Song 90: Buried tracks


music / Tuesday, July 10th, 2018

[Photo by Zbigniew Bzdak / Chicago Tribune]

Pusha Man/Paranoia” by Chance the Rapper

Elaina: Chance the Rapper has gone from young rapper hopeful to full blown Grammy winner, Chicago star and role model in a few short years. Hanif Abdurraqib wrote an essay “Chance the Rapper’s Golden Year” in his collection of essays “They Can’t Kill Us Until They Kill Us” that speaks to Chance’s commitment to community, joy and Chicago way better than I ever could, so check that out. This song, from Chance’s mixtape Acidrap starts out poppy and fun which is enjoyable in it’s own right, but has a second song buried within (unofficially called “Paranoia”, thank you Rolling Stone). The lyrics directly address the gun and gang violence, primarily affecting black youth in Chicago (“they murder kids here/why you think they don’t talk about it/they deserted us here” “down here it’s easier to find a gun than it is a fucking parking spot”) but then turns softer and reminds listeners they’re just kids (“I know you scared/you should ask us if we scared too/if you was there/then we’d just knew you cared too”). To me, this one song truly encompasses the range that Chance has and the perfect power to have joy and sadness in one track.

5songpjct: You and I have talked about this before. The cousins our age tend to be huge hip-hop fans. I talk about it in one of my posts, but what about hip-hop speaks to you?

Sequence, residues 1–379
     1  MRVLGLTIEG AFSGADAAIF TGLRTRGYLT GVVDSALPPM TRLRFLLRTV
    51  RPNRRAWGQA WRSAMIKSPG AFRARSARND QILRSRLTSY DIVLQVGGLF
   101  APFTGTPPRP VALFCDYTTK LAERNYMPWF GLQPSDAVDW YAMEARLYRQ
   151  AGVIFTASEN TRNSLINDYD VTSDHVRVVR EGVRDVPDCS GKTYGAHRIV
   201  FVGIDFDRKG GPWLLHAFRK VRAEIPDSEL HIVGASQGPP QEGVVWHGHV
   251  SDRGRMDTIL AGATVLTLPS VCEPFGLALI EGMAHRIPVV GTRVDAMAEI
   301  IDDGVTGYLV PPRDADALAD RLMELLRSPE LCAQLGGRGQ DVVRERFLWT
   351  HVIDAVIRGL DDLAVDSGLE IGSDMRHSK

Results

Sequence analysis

Elaina: I really do love hip hop, which I cringe at saying because I fully know it’s not made for my enjoyment, but on a simplistic level, I love the beats and lyrics for exercising and going out in particular. On a more musically analytical level, there are some really incredible lyrics in hip hop and rap songs, Lupe Fiasco and early Kanye West being perfect examples. Chicago is also known for drill or trap music, a smaller hip hop subset with more local rappers which focuses more on gang and street culture. It’s definitely not as palatable for a broader culture, but some rappers from the genre have become a little more mainstream.

5songpjct: What about Chance the Rapper in particular?

Elaina: Chance the Rapper is quintessential Chicago. He grew up in Chatham on the South Side and his father was heavily involved in local Chicago politics. Like many Chicago hip hop artists/rappers, he is very proud to be from Chicago and keeps it his home. He recorded his first mixtape “10 Day” on a 10 day suspension from high school for smoking weed, and has remained that goofy kid straddling a very mature young adulthood. He has incredible energy and he’s a very dynamic performer–the song I selected has such range within that buried track as do the lyrics below, from “Summer Friends”

JJ, Mikey, Lil Derek and them

79th Street was America then

Ice cream truck and the beauty supply

Blockbuster movies and Harold’s again

We was still catching lightning bugs

When the plague hit the backyard

Had to come in at dark

‘Cause the big shawtys act hard

Okay now, day camp at Grand Crossing

First day, n***** shooting

Summer school get to losing students

But the CPD getting new recruitment

The idea in Chicago is that we really soak up and enjoy our summers because they are so short (pop culture reference, Bravo show 100 Days of Summer), but summers are the most violent and brutal for gang violence and murders. Chance never glorifies gang or street life because that’s simply not him, but never backs down from calling out this dark paradox.

5songpjct: These lyrics hit me particularly hard in your pick for your second song.

“Cause Everybody dies in the Summer

Wanna say your goodbyes, tell them while its spring”

Read about Elaina’s previous Chance the Rapper pick here 

Don’t forget the question of the week up on Facebook today at 2:PM PST

NEXT UP… a singer Elaina introduced me to